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Final book -_rm

  1. 1. Unit - 1 Research Methodology: An Introduction  Meaning and Nature of Research  Significance of Research  Identification and Formulation of Research Problem  Setting Objectives  Formulation of Hypotheses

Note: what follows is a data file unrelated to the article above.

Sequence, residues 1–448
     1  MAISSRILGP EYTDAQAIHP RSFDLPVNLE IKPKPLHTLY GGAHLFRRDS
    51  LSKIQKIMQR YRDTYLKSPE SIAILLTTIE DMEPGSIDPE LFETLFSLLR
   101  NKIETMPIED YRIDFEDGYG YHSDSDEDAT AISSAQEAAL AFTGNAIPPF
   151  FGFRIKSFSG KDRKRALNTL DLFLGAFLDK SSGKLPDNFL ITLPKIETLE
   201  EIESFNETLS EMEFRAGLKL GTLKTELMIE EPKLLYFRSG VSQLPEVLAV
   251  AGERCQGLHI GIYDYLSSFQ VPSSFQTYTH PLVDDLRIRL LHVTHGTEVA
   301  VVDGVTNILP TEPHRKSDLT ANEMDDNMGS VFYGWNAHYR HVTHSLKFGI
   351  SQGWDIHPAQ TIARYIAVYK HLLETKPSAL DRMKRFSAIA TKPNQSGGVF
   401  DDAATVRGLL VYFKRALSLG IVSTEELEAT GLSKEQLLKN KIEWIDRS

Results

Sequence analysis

2. 2. Chapter - 1 MEANING OF RESEARCH Research in common parlance refers to a search for knowledge. One can also define research as a scientific and systematic search for pertinent information on a specific topic. In fact, research is an art of scientific Investigation. The Advanced Learner’s Dictionary of Current English lays down the meaning of research as “a careful investigation or inquiry specially through search for new facts in any branch of knowledge.” Redman and Mory define research as a “systematized effort to gain new knowledge”, Some people consider research as a movement, a movement from the known to the unknown. It is actually voyage of discovery The inquisitiveness is the mother of all knowledge and the method, which man employs for obtaining the knowledge of whatever the unknown, can be termed as research. Research is an academic activity and as such the term should be used in a technical sense. According to Clifford Woody,” Research comprises defining and redefining problems, formulating hypothesis or suggested solutions; collecting, organising and evaluating data; making deductions and reaching conclusions; and at last carefully testing the conclusions to determine whether they fit the formulating hypothesis. D. Slesinger and M. Stephenson in the Encyclopaedia of Social Science define research as “the manipulation of things, concepts or symbols for the purpose of generalising to extend, correct or verify knowledge, whether that knowledge aids in construction of theory or in the practice of an art.” Research is, thus, an original contribution to the existing stock of knowledge making for its advancement. It is the pursuit of truth with the help of study, observation, comparison and experiment. In short, the search for knowledge through objective and systematic method of finding solution to a problem is research. Thus term ‘research’ refers to the systematic method consisting of enunciating the problem, formulating a hypothesis, collecting the facts or data,